What is the role of gene therapies in the treatment of dilated cardiomyopathy?

Updated: Nov 28, 2018
  • Author: Vinh Q Nguyen, MD; Chief Editor: Gyanendra K Sharma, MD, FACC, FASE  more...
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Answer

Early animal studies using recombinant adeno-associated viral gene therapy with gene transfer of phospholamban prevented deterioration of left ventricular systolic and diastolic function in genetically predisposed animals.

The use of vascular endothelial growth factor may have beneficial effects in persons with ischemic cardiomyopathies. This form of gene therapy has demonstrated the benefits of reducing revascularization and improving angina and quality of life.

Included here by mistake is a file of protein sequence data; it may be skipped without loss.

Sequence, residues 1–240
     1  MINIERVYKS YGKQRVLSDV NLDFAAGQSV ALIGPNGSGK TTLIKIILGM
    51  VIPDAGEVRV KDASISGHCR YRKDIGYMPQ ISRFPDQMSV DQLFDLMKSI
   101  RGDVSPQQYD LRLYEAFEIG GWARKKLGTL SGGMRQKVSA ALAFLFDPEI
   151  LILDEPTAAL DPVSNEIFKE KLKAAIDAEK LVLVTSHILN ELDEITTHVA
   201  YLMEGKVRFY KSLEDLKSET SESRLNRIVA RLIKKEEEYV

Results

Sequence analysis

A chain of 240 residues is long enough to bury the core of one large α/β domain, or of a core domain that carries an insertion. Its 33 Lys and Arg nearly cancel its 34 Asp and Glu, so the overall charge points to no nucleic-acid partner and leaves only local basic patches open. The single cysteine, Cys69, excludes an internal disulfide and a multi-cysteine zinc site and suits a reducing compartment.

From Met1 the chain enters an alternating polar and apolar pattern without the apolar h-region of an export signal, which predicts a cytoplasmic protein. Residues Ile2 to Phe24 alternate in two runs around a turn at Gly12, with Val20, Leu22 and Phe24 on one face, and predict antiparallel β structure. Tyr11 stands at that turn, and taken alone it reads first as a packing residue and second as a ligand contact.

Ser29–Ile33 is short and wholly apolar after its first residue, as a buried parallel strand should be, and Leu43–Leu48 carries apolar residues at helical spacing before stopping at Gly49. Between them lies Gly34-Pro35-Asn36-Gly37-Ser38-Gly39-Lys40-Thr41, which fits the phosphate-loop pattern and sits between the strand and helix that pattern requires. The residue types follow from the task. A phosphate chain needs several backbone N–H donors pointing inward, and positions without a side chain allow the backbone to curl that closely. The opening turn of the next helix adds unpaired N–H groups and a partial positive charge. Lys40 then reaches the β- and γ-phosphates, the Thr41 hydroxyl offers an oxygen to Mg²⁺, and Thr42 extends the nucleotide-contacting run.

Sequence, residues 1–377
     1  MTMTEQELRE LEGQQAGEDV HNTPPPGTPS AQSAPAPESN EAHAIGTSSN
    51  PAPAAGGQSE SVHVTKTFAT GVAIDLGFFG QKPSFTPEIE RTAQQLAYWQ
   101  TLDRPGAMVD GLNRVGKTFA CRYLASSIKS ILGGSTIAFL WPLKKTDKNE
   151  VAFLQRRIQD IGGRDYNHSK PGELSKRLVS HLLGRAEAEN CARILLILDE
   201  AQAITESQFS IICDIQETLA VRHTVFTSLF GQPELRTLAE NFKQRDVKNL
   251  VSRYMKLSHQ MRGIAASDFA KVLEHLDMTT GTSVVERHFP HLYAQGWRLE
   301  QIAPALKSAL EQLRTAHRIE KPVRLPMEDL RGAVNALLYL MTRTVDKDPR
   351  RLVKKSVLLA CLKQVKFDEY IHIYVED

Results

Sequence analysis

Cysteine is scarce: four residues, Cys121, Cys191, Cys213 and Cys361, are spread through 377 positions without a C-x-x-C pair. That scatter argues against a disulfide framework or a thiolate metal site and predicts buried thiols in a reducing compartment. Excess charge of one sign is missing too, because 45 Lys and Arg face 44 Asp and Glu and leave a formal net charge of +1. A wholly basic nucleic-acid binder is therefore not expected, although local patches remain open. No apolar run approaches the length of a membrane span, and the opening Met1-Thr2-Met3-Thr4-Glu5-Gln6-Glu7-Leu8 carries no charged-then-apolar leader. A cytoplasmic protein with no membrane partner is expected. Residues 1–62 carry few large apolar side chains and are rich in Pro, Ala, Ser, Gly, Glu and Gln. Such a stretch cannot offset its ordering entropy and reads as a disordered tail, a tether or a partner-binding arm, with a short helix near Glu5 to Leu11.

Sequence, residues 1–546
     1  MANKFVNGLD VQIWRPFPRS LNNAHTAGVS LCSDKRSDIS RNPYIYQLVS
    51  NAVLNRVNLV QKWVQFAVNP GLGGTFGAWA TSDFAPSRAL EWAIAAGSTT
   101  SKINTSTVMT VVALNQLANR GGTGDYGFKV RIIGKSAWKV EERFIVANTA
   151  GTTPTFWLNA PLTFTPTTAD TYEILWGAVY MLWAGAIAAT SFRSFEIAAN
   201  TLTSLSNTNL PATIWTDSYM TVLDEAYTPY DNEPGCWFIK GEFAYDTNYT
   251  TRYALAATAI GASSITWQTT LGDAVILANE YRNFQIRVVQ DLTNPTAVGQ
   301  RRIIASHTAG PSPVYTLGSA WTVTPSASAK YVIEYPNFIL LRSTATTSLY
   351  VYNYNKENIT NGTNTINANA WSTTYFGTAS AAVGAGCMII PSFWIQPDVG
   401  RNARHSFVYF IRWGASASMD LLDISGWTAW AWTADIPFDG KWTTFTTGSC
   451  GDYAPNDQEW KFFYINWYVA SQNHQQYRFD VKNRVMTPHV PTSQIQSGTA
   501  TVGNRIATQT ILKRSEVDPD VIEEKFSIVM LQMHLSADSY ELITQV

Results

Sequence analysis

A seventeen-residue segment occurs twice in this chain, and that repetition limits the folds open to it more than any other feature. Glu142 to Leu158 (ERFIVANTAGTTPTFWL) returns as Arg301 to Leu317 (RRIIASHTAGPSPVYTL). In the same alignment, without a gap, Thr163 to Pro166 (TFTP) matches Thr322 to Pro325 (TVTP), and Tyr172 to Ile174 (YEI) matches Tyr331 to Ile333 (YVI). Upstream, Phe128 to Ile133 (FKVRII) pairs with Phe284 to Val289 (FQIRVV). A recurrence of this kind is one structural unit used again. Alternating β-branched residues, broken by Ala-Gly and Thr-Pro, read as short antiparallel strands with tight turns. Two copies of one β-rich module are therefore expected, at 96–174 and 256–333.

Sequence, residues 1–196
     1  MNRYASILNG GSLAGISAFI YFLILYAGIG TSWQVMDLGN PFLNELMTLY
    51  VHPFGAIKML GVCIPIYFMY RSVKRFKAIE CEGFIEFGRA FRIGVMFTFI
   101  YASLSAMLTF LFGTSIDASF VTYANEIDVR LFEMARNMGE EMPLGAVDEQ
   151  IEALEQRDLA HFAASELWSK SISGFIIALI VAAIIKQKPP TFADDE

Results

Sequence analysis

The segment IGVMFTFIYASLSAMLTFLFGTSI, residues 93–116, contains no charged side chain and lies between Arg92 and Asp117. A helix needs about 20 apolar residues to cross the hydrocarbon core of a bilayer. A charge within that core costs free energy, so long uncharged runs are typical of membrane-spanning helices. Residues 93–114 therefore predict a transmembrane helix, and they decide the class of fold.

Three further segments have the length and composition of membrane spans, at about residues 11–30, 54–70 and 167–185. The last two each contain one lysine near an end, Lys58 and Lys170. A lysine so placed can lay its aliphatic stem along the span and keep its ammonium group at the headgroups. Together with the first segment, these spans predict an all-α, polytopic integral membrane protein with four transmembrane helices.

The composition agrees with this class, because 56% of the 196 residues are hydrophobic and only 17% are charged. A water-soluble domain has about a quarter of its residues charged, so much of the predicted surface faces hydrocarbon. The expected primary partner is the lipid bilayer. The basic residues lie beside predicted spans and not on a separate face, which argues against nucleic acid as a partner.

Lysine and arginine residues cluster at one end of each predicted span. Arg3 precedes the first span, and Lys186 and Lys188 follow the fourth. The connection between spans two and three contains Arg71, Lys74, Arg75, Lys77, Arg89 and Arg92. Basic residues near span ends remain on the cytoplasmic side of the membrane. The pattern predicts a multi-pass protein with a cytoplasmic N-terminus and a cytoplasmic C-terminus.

The CUPID-2 trial (calcium upregulation by percutaneous administration of gene therapy in patients with cardiac disease) assessed the effectiveness of a gene transfer vector on the basis of adeno-associated virus 1 (AAV1)'s ability to deliver SERCA2a (sarcoplasmic/endoplasmic reticulum Ca(2+)-ATPase)–complementary DNA in patients with heart failure and reduced ejection fraction (LVEF < 35%). [141] Compared to placebo, there were no differences in recurrent heart failure-related hospitalizations or ambulatory treatment for heart failure, as well as no difference in the rate of death, heart transplantation, or mechanical circulatory support implantation. [141]


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